The dollar gained against haven currencies on Friday, including reaching a six-week high against the Japanese yen, as caution over an imminent Western military intervention in Syria eased and anticipation for a solid round of U.S. corporate earnings helped support the U.S. unit.
Mixed trade against other major rivals, however, left the leading dollar index slightly lower on the day and on track for a roughly 0.5% drop for the week.
The dollar had advanced Thursday for the first time in five days, a sign that risk appetite had returned after a week in which flight-to-safety currencies, including the yen and the Swiss franc, flourished as U.S.-China trade tensions persisted and the possibility of a U.S.-led missile strike on Russia-backed Syria rippled through financial markets.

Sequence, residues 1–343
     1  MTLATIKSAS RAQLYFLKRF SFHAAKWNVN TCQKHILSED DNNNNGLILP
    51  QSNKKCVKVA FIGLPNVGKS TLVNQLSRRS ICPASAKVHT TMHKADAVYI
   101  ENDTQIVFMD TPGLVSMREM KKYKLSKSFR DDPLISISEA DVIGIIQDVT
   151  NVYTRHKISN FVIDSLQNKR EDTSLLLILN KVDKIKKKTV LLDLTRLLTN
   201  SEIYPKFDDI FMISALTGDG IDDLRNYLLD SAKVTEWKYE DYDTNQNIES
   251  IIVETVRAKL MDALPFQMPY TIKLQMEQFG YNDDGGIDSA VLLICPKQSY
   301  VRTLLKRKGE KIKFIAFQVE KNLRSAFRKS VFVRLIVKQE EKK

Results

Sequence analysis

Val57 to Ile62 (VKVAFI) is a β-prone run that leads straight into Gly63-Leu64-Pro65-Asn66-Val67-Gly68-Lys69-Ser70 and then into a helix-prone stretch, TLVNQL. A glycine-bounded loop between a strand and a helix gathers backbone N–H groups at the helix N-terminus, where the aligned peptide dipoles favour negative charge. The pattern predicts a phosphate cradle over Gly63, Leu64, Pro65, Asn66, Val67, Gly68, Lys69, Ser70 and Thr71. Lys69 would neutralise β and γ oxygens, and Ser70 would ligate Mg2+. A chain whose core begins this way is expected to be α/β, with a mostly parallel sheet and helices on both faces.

The ICE U.S. dollar index, which measures the buck against six rivals, was down less than 0.1% to 89.698, back in the red after Thursday’s gain snapped a four-session skid. The broader WSJ U.S. Dollar Index, which includes emerging-market currencies, was down 0.1% at 83.71.
The dollar rose against the Japanese yen buying ¥107.59 compared with ¥107.32 on Thursday.
The Swiss franc, another perceived safe-haven currency, was a touch weaker at 0.9614 per dollar compared with 0.9622 late Thursday.
The euro improved slightly to $1.2337 from $1.2327 late Thursday in New York.
Britain’s pound, meanwhile, edged higher to $1.4283 compared with $1.4227 Thursday, trading at its highest levels since early February.
Elsewhere, the Australian dollar, sensitive to shifts in risk sentiment, rose to US$0.7801 from US$0.7754 Thursday.